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ARTIST
TITLE
Tempos Futuros
FORMAT
CD

LABEL
CATALOG #
FARO 228CD FARO 228CD
GENRE
RELEASE DATE
12/10/2021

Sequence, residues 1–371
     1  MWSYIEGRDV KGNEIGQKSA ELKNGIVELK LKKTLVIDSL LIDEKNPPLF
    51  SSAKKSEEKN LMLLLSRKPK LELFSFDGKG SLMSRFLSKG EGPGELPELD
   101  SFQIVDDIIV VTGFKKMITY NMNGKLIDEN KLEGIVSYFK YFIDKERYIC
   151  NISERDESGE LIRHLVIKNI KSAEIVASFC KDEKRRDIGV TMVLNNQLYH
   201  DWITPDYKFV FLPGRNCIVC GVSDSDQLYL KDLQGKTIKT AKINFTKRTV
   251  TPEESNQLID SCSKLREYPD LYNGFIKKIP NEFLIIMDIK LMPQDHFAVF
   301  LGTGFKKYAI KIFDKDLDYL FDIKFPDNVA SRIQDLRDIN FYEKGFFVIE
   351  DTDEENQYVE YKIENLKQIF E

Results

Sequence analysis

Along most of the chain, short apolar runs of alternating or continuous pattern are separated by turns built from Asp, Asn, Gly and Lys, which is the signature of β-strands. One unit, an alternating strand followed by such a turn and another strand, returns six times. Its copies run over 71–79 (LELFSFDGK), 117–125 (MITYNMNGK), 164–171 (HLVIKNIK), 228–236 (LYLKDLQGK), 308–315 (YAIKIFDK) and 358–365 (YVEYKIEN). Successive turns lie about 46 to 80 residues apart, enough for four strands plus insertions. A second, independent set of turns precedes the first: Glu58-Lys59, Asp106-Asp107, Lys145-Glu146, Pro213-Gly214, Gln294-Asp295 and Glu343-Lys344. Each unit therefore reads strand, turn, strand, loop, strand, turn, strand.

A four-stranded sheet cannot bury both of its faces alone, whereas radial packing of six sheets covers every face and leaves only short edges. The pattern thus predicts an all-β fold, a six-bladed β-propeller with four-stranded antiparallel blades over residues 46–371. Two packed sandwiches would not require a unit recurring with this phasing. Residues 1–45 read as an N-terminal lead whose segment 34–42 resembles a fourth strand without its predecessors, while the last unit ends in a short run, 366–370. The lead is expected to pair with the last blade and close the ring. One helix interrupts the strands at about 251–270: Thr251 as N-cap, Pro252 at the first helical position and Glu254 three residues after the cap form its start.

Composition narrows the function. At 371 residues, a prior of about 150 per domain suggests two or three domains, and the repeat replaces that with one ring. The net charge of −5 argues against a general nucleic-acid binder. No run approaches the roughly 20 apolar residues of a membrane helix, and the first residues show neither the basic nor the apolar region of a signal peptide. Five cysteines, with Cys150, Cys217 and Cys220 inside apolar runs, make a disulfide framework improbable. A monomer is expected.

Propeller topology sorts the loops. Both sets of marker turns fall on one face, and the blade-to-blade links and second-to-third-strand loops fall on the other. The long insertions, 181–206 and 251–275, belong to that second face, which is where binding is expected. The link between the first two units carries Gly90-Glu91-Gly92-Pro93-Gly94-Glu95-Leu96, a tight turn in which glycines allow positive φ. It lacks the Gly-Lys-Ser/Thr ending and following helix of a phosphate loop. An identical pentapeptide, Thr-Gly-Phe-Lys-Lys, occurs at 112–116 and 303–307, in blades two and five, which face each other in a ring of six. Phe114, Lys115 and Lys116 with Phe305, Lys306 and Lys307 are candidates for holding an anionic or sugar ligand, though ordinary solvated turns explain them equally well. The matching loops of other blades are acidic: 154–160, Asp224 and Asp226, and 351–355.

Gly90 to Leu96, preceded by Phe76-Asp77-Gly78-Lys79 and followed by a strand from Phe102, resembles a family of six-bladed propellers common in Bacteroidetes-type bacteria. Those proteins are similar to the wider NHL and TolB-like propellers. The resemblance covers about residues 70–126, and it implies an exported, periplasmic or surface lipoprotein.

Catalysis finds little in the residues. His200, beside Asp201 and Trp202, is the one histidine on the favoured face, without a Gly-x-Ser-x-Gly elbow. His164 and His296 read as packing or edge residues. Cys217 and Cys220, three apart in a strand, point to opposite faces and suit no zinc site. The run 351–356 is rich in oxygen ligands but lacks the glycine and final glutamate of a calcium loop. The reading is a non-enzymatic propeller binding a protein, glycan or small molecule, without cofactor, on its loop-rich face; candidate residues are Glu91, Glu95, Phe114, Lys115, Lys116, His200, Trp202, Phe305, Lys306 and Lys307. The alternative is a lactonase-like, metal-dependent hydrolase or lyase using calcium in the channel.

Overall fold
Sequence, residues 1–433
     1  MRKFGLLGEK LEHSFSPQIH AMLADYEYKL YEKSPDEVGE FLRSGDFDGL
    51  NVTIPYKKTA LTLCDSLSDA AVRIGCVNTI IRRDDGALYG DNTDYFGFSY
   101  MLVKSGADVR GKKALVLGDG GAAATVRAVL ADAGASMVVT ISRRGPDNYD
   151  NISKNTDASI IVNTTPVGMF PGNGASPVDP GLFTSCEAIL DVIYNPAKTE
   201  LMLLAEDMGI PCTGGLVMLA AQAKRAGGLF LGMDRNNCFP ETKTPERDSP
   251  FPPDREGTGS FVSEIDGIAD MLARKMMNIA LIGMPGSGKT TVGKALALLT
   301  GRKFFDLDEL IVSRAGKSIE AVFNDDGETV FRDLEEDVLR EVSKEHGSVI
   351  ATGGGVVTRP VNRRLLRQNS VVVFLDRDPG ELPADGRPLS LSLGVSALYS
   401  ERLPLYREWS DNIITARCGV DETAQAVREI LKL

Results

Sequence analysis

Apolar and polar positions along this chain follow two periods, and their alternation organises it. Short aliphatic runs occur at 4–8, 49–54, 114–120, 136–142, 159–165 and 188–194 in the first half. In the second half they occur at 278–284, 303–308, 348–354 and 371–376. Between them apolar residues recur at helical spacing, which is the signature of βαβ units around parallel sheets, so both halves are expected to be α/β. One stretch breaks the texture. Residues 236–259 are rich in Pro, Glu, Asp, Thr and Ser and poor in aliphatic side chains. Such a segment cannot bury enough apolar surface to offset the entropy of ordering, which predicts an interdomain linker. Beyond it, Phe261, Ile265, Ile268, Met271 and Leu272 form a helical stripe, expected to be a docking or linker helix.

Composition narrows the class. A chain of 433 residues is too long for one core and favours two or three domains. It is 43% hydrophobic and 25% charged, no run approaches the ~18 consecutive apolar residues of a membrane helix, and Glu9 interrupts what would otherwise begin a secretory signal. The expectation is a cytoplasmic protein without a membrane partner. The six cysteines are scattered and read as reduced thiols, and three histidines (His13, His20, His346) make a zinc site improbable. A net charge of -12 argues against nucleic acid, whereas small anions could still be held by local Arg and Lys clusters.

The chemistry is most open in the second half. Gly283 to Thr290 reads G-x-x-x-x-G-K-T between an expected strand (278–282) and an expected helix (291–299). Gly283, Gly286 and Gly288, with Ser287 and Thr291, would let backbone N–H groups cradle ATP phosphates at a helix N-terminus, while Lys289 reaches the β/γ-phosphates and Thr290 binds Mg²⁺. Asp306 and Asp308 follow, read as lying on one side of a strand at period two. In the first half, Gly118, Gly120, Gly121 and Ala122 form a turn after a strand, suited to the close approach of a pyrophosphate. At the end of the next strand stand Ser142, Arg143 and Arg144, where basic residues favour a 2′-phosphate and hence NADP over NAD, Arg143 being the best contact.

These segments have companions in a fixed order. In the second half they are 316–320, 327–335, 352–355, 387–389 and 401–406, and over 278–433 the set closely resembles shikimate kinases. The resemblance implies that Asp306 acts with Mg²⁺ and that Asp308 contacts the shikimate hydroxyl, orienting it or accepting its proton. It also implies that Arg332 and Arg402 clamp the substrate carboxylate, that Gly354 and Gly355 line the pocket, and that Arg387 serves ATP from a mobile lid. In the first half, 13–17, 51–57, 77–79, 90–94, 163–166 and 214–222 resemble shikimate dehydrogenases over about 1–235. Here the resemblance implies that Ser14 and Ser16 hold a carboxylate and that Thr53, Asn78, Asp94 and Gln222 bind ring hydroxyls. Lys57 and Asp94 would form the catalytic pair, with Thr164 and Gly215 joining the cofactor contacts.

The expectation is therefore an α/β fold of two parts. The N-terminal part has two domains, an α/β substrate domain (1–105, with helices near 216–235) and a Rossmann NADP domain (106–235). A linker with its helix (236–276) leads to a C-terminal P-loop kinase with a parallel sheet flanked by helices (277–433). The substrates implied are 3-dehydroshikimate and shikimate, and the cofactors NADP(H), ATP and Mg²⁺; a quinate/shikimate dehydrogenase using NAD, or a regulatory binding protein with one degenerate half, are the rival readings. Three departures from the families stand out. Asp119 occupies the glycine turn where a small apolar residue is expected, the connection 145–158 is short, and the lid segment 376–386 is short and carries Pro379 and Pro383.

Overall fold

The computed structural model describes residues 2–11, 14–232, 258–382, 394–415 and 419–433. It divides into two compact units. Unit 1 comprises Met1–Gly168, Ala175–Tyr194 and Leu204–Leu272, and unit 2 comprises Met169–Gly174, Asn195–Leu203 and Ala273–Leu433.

Stargazing from the sands of the Niterói beach, Tempos Futuros is low-end-led Brazilian futurism from one of Brazil's most prolific and influential bassmen. As one third of legendary trio Azymuth, Alex Malheiros has pioneered a unique fusion of space-funk, samba and jazz since the early seventies. His playing can be heard on the records of Jorge Ben, Milton Nascimento, Roberto Carlos, Marcos Valle, and Mark Murphy (to name a few), and he's performed and toured with everyone from Stevie Wonder to Chick Corea. Written and recorded in Niterói, Brazil, overlooking Guanabara and the beaches, mountains and forests of Rio de Janeiro, Tempos Futuros has deep roots in Brazilian soil. The rhythms of Malheiros' homeland have always permeated his music. But just like the Oscar Niemeyer designed Niterói Contemporary Art Museum which stands spaceship-like over the water, Tempos Futuros - while inspired by terrestrial forms, reaches out, deep into the great unknown. Produced by acclaimed London-based producer Daniel Maunick, who has worked with Marcos Valle, Azymuth, Terry Callier, and Ivan Conti, the funk comes full circle. Daniel's father Jean-Paul "Bluey" Maunick and Alex Malheiros shared a reciprocal stream of influence throughout the '80s, between London and Rio; Azymuth and Incognito; brit-funk and samba-funk. But just as with Azymuth's music, you can also hear the influence of stateside jazz-funk masters like Roy Ayers, Weather Report, Lonnie Liston Smith, Mtume and Pleasure. Tempos Futuros features Alex's daughter, a Brazilian star in her own right, vocalist Sabrina Malheiros, Brazilian percussion master Sidinho Moreira, London based saxophonist Sean Khan, Marcos Valle's go-to drummer Massa, and Brazilian keyboard player Dudu Viana. Featuring the late Azymuth keyboard maestro Jose Roberto Bertami on Fender Rhodes, the title track "Tempos Futuros" was originally recorded as a demo in 1995. On this finished version, Alex Malheiros used Bertami's original keyboard take, explaining the posthumous release.